- #1

AxiomOfChoice

- 533

- 1

I just want to make sure I'm straight on the definition.

Am I correct in assuming that, if I want to show that a sequence [itex]\langle f_n \rangle[/itex] of functions converges to 0 in the [itex]L^1[/itex] norm, I have to show that, for every [itex]\epsilon > 0[/itex], there exists [itex]N \in \mathbb N[/itex] such that

[tex]

\int |f_n| < \epsilon

[/tex]

whenever [itex]n > N[/itex]?

Also, is it possible for a sequence of functions to converge uniformly to 0 and yet *not* converge to 0 in the [itex]L^1[/itex] norm? (I'm pretty sure I have an example of this if the above definition is correct.)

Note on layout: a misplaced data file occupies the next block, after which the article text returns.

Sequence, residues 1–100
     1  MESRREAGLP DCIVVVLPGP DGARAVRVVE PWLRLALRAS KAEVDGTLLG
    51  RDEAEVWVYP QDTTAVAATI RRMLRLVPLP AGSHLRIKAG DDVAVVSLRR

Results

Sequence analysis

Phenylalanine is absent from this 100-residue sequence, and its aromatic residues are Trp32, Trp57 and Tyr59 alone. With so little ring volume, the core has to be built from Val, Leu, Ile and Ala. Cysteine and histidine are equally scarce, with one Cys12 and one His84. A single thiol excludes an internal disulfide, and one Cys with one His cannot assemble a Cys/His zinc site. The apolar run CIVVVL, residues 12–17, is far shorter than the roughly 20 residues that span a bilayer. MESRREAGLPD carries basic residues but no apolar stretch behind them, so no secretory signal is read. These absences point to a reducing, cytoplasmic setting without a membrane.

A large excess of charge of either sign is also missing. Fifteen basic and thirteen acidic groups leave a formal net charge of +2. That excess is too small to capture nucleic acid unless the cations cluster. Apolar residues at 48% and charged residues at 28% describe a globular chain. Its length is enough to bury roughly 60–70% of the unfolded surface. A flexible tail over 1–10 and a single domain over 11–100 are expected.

Thanks!

Am I correct in assuming that, if I want to show that a sequence [itex]\langle f_n \rangle[/itex] of functions converges to 0 in the [itex]L^1[/itex] norm, I have to show that, for every [itex]\epsilon > 0[/itex], there exists [itex]N \in \mathbb N[/itex] such that

[tex]

\int |f_n| < \epsilon

[/tex]

whenever [itex]n > N[/itex]?

Also, is it possible for a sequence of functions to converge uniformly to 0 and yet *not* converge to 0 in the [itex]L^1[/itex] norm? (I'm pretty sure I have an example of this if the above definition is correct.)

Thanks!

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